As you may have noticed, the inside of microwaves are lined with metal. The purpose of this interior metal is to reflect microwaves back into the food chamber, otherwise they would be able to leak outside and lead to injuries.
When you put something else made of metal into the microwave (or even aluminum foil), the object reflects the microwaves and end up ricocheting around inside the chamber. The waves can reflect back to the magnetron, the part that generates microwaves, and damage it by causing overheating.
Microwaves can also create an electric current in metals because the waves themselves are “oscillating electric and magnetic fields.” It is possible for thin metallic objects to build up an electric charge on their sharp points, and if this charge becomes strong enough, it breaks down the insulating properties of air and causes a spark.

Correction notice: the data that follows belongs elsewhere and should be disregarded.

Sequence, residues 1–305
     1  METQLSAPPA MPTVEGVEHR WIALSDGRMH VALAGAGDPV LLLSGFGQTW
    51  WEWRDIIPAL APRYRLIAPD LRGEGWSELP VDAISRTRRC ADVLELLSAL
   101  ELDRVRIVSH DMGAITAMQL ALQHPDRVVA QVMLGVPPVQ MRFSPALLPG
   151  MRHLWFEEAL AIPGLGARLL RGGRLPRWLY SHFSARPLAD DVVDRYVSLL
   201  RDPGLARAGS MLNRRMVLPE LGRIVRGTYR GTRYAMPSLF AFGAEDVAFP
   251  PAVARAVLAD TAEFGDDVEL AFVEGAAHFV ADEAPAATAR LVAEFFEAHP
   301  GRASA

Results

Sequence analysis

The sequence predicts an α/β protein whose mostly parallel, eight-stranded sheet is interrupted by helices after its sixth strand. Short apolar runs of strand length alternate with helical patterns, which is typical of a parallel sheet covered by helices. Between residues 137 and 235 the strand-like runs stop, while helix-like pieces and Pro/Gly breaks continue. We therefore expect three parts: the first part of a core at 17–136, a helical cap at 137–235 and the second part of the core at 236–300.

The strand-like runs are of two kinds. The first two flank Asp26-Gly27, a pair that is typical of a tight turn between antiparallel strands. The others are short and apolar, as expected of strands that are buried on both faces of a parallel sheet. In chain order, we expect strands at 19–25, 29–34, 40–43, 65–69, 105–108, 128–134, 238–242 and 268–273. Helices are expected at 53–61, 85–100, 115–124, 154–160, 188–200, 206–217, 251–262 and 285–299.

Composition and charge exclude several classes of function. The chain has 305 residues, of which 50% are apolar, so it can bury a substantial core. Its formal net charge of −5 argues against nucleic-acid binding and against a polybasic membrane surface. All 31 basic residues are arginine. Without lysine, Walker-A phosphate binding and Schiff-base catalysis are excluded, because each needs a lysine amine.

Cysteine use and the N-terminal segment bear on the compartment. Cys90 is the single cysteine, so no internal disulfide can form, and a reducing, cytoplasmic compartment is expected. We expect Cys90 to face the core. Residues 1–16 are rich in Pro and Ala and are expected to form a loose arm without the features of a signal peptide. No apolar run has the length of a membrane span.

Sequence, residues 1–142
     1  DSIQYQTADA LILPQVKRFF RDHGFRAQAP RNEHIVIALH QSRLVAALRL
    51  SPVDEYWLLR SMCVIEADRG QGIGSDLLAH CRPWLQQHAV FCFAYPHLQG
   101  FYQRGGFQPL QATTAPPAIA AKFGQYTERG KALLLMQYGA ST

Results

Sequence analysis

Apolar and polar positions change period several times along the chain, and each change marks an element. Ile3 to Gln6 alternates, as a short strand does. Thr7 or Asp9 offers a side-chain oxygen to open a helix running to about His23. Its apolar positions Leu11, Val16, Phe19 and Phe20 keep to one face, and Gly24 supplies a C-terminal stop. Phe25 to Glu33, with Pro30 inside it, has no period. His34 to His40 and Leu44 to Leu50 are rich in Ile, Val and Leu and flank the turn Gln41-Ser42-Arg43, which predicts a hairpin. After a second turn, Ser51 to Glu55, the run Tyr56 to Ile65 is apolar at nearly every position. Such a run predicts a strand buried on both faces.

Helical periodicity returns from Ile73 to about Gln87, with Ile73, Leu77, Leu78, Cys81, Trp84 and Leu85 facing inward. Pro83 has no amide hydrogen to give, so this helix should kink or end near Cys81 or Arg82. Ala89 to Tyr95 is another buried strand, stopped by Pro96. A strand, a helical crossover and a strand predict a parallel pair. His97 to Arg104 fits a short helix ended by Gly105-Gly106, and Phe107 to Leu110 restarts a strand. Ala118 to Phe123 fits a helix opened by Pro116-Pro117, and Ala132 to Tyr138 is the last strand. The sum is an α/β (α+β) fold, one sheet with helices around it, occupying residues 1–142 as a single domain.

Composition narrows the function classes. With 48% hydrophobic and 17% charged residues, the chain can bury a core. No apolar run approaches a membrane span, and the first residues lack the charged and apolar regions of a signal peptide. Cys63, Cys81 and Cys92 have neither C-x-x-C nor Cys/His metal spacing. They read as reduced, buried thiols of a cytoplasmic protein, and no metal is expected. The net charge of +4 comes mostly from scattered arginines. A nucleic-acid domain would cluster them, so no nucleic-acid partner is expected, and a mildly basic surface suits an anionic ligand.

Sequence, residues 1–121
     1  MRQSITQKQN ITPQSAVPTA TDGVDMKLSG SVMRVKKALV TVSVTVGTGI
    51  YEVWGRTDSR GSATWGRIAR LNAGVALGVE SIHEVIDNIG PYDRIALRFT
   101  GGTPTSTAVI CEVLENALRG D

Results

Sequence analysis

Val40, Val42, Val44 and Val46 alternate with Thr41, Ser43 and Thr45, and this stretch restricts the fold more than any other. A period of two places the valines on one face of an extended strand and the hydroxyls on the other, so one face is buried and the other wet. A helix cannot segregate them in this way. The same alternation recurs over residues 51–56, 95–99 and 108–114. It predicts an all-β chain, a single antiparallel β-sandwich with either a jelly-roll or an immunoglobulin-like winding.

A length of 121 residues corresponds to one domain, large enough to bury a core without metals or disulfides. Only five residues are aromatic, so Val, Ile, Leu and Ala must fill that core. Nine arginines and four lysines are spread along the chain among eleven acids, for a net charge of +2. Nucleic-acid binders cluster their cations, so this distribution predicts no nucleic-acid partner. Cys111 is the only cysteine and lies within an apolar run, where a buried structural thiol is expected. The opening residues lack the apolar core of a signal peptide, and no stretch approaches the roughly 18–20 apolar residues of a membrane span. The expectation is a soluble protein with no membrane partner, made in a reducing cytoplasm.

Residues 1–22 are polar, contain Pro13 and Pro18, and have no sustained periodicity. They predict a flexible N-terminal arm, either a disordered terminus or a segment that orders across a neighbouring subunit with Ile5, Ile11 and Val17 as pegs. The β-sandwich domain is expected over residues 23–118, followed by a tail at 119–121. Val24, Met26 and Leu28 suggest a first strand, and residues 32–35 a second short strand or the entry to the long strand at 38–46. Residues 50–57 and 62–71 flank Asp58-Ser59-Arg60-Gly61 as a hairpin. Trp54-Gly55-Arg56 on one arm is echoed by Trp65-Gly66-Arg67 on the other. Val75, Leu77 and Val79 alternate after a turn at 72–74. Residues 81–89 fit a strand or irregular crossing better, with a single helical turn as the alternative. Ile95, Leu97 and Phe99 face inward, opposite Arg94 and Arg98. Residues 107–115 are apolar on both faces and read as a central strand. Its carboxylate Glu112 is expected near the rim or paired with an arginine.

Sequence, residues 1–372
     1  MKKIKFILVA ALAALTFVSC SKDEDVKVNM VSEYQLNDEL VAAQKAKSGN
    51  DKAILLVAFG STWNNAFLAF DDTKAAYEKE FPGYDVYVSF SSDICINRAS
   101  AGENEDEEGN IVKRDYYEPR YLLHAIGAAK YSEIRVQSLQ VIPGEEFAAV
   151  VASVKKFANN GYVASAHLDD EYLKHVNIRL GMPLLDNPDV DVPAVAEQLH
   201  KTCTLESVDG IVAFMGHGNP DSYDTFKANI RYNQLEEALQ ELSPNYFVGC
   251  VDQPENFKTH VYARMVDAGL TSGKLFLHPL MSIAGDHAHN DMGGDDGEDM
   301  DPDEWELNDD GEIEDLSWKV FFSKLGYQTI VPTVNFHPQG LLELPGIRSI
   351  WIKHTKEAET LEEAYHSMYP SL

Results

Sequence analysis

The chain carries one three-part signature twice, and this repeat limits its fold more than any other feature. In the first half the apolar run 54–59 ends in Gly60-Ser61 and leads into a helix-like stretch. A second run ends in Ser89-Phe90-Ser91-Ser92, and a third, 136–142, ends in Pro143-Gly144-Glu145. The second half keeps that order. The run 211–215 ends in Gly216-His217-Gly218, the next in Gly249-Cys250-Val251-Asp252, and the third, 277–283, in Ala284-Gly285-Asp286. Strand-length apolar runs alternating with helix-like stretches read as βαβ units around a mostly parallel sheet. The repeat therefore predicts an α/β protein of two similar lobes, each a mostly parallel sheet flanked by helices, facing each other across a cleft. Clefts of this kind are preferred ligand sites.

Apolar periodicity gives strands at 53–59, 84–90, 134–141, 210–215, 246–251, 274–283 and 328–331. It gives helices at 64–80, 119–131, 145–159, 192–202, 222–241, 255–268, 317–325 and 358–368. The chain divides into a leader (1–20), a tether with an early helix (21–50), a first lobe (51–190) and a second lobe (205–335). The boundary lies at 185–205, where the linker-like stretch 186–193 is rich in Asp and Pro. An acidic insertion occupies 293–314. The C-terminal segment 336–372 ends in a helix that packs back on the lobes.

If your food comes with a thin layer of foil, that should be microwave-safe as they are supposed to be designed to heat up enough to just brown the food.
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